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Royal Mail to cull letter deliveries in second-class post shake-up

royal mail
royal mail

Second class letters will be delivered just three times a week under new proposals submitted by Royal Mail.

The postal service has outlined plans to deliver second class post on every other weekday as it looks to shore up its finances amid a slump in letter sending.

Bulk business mail would also fall under second class, meaning bank statements, bills and tax returns will arrive within three working days rather than two.

However, Royal Mail said it would continue to deliver first class post six days a week as it acknowledged the importance of next-day and Saturday deliveries for industries such as magazine publishers and greeting card makers.


The company is also in talks with the NHS over ways to ensure greater reliability for time-sensitive medical letters.

This could mirror the hybrid system currently used by many GP practices, which issue electronic letters that are then printed and sent by Royal Mail.

The proposals were put forward in Royal Mail’s submission to regulator Ofcom, which is reviewing the postal service’s so-called universal service obligation (USO).

This requires the company to deliver Monday to Saturday and sets delivery targets for first and second class post.

Ofcom has estimated that the USO imposes a financial burden of between £325m and £675m on Royal Mail and warned it could become “financially and operationally unsustainable” unless the rules are eased.

The company lost £319m in the first half of the year as it warned that letter volumes are likely to drop to 4bn in the next five years, down from their peak of 20bn two decades ago.

Royal Mail, which has long campaigned for the USO to be overhauled, also called for its quality of service targets to be relaxed.

Currently, Royal Mail is required to deliver 93pc of first class mail on time and 98.5pc for second class post.

Royal Mail has repeatedly failed to hit these targets in recent years, as it struggled amid a lengthy strike by postal workers.

Last year, Ofcom fined the company a record £5.6m after it failed to deliver more than a quarter of first class post on time.

Bosses said a relaxation of the rules, coupled with new reliability targets, would bring the UK in line with other European countries, including France and Italy.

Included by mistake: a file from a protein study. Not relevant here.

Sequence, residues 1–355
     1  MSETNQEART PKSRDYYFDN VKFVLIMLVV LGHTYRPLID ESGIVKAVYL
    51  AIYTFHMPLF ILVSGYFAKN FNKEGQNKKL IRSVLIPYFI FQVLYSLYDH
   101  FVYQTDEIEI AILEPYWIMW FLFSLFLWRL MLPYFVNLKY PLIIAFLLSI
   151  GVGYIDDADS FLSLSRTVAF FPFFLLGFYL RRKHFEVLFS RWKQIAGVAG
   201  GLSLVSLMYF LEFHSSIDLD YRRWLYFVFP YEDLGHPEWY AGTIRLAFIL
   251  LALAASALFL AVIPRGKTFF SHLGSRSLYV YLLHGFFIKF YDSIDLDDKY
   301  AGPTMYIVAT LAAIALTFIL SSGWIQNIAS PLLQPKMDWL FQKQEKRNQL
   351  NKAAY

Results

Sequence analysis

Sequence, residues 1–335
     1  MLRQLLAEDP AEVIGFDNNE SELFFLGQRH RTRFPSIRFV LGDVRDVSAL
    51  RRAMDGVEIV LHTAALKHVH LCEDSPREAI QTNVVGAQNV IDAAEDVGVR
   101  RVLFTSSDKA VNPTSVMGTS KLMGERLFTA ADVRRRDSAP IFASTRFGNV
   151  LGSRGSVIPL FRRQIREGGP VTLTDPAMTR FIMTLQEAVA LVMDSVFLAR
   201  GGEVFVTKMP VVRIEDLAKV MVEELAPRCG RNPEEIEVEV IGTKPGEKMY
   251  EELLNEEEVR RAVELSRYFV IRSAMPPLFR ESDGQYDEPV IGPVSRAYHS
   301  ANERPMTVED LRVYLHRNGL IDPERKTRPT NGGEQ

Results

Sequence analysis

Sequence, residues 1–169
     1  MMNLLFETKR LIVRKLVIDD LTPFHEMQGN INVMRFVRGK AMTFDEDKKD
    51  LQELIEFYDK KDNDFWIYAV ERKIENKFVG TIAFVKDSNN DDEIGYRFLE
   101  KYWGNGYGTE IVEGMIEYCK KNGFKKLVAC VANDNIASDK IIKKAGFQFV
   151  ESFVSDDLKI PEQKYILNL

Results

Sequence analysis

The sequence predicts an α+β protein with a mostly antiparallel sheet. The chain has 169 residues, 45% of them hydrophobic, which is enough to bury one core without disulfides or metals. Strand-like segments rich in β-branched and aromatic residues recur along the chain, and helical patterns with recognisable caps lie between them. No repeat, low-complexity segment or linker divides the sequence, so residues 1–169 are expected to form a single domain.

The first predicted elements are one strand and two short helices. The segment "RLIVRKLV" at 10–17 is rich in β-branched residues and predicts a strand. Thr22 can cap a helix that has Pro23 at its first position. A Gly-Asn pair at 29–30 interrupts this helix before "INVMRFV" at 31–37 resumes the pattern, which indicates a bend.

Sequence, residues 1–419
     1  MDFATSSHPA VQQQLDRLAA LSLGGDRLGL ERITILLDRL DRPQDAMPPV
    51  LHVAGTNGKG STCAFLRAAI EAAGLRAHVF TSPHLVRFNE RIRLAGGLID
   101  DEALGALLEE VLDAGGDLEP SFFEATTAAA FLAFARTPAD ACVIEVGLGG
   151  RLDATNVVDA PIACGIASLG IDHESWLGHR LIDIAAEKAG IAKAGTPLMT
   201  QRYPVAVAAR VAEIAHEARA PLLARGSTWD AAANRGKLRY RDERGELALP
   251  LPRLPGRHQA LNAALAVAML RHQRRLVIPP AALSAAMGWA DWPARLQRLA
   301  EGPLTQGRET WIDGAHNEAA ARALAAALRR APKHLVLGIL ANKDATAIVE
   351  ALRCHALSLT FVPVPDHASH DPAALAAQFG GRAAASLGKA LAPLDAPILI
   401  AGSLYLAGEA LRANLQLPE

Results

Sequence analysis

Royal Mail said the changes would reduce the net cost of the USO by up to £300m, though it warned they could take up to two years to implement.

The plans would reduce daily delivery routes by up to 9,000 and lead to around 1,000 voluntary redundancies. Royal Mail said these would be managed through natural turnover wherever possible.

Ofcom is expected to provide an update on its consultation in the summer, though any changes would ultimately have to be approved by Parliament.

Martin Seidenberg, chief executive of Royal Mail parent company International Distributions Services, said: “If we want to save the universal service, we have to change the universal service. Reform gives us a fighting chance and will help us on the path to sustainability.

“Our proposal is based on listening to thousands of people across the United Kingdom to ensure it meets their needs. We have worked hard to come up with a proposal that is good for our customers, good for our people and would allow Royal Mail to invest in products and services that the UK wants.

“We have serious concerns that the urgency of the situation is not properly recognised by Ofcom. With no need for legislation there is no need to wait.”

An Ofcom spokesman said: “At this stage, we’ve not made any proposals to change the universal postal service. We’ve set out evidence suggesting it risks becoming unsustainable if we don’t take action, as people send fewer letters and receive more parcels.

“We’ve laid out some potential options so there can be a national discussion about its long-term future. We’ll carefully consider all the feedback received, and provide an update in the summer.”